Jasper Capital: Plugging the middle market gap

21 March 2003
The first thing that needs to be established about Jasper Capital is the origin of its name. Jason Peers, the company's chief executive and founder, may be a big man, but his ego is not so inflated as to name the company after himself. 'Jasper actually comes from a company two colleagues and I formed years ago for a direct investment,' says Peers. 'We combined our initials to make the name: there was me JP, Richard Sidery [Jasper Capital's head of consulting] and a third, AE, who I won't embarrass by naming now. I liked the name because it is inoffensive in every language and Casper the Ghost is particularly popular in the Middle East.'

Still in its infancy, Jasper Capital is hoping to become equally popular in the region. If it succeeds, it will be because Jasper has correctly identified and exploited a gap in the market.

'Over the last decade, it has become increasingly clear to me that there is an unmet need in the Middle East for strong corporate finance and advisory services,' says Peers. 'The trend has accelerated with the withdrawal of the big global investment banks from the middle market and the wave of consolidation that has washed through the management consultancy industry.'

The last decade has been well spent by Peers and his team, amassing a wealth of experience. Peers himself served with Lloyds Bank, Saudi Investment Bank (SIB) and Barclays Capital. Richard Sidery recently retired as a senior consulting partner at PricewaterhouseCoopers. Martin Willetts, Jasper's head of corporate finance, was also with SIB before joining Flemings and Gulf International Bank. A fourth familiar name is Martin Crane, who spent seven years as managing underwriter for the Middle East division of the UK's Export Credit Guarantees Department. Jasper Capital is wise beyond its years.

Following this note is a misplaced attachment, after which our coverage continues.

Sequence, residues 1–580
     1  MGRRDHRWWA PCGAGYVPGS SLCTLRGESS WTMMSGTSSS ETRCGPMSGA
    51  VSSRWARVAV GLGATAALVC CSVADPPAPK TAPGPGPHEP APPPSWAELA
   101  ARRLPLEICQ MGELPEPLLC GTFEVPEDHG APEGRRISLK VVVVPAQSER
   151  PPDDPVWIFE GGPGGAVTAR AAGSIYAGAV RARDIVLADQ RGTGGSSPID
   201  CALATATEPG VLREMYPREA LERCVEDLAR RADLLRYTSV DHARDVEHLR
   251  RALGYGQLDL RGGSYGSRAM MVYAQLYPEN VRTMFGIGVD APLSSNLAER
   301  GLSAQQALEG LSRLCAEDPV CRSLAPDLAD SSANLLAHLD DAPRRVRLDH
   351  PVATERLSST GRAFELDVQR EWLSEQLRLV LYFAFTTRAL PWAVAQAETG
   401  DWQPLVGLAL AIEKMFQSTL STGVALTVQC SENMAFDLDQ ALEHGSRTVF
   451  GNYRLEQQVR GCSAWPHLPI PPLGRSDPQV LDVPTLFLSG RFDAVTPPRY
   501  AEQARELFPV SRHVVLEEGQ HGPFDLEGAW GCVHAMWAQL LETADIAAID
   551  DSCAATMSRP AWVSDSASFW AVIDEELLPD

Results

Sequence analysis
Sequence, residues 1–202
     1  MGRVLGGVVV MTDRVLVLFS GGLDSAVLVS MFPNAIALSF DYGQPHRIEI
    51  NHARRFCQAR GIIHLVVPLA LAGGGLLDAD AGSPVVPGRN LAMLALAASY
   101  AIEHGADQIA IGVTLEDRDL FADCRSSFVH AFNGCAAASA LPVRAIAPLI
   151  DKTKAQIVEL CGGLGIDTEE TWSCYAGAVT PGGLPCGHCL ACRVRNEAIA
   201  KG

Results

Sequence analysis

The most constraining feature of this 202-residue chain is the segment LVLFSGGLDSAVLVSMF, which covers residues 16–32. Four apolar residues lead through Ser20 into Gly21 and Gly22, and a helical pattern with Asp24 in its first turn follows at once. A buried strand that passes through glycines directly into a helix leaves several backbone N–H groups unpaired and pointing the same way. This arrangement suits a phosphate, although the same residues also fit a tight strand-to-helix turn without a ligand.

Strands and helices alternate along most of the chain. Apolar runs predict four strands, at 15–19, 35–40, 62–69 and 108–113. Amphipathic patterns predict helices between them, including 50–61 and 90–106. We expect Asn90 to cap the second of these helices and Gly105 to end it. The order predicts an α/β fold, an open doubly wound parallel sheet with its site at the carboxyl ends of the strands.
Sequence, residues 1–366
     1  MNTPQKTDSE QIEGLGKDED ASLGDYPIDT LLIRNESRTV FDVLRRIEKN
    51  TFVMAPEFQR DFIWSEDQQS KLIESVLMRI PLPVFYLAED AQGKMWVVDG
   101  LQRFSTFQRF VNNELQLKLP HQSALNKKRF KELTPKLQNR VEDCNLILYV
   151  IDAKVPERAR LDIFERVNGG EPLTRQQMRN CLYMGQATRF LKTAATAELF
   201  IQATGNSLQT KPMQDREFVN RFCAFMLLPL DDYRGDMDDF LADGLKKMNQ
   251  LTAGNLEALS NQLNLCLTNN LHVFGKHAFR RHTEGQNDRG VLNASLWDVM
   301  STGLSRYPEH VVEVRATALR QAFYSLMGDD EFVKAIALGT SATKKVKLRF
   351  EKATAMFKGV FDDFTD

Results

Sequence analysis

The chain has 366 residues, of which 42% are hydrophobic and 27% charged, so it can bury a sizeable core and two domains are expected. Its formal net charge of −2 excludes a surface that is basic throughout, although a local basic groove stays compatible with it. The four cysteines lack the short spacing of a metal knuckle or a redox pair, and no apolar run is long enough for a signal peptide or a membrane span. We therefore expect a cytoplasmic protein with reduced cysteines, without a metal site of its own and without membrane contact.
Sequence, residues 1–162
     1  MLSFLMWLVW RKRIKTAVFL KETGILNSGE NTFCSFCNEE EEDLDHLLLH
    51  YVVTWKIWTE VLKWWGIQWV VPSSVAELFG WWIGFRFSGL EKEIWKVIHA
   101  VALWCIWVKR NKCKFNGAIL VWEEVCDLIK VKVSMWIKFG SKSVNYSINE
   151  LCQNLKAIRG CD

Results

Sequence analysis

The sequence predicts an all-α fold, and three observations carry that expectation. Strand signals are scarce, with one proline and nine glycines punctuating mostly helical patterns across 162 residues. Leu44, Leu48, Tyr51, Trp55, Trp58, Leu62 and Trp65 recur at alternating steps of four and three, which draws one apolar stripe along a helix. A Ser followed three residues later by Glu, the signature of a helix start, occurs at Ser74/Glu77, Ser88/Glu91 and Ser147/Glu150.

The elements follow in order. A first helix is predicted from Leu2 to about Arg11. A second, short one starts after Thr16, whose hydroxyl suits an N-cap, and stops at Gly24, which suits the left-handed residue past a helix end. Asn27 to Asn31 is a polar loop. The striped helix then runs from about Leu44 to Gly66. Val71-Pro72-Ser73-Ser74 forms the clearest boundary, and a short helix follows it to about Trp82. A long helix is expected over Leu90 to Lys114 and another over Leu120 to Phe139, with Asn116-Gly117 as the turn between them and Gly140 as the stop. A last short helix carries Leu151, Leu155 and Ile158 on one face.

'We are very aware of regional needs and our strategy reflects them,' says Peers. 'We want to build a global consulting and corporate finance firm with a very strong Middle East division.'

The retreat of heavyweight investment banks from the region has coincided with growing demand from Middle East corporates for their services, and a vacuum has been created that the regional players have struggled to fill. 'Some local banks have tried to plug the gap, but most don't really have the capabilities or breadth of resources, and the international houses don't really understand the market nor want to do smaller deals,' says Peers. 'We have the ability to do a genuine review of an existing business, recommend improvements, validate strategies and then do proper debt or equity raisings or arrange acquisition finance.'

This middle market is potentially awash with opportunity, and Jasper has already picked up some interesting mandates. They include a validation study for the owners of a major Gulf-based family business: Jasper conducted a third-party review of management strategy and execution. Another mandate called on Jasper to advise a prominent regional bank on its investment banking strategy. And a third came from a very wealthy Saudi Arabian who was seeking to diversify away from portfolio investing in Western markets and develop a meaningful business in the kingdom.

Perhaps even more interesting are discussions under way for Jasper to do the advisory work on what could be a landmark regional cross-border mergers and acquisition (M&A) deal. The M&A frenzy that ripped through the US in the 1980s and Europe in the 1990s is yet to visit the Middle East, but the drift towards the corporatisation of both family businesses and government entities is gathering momentum.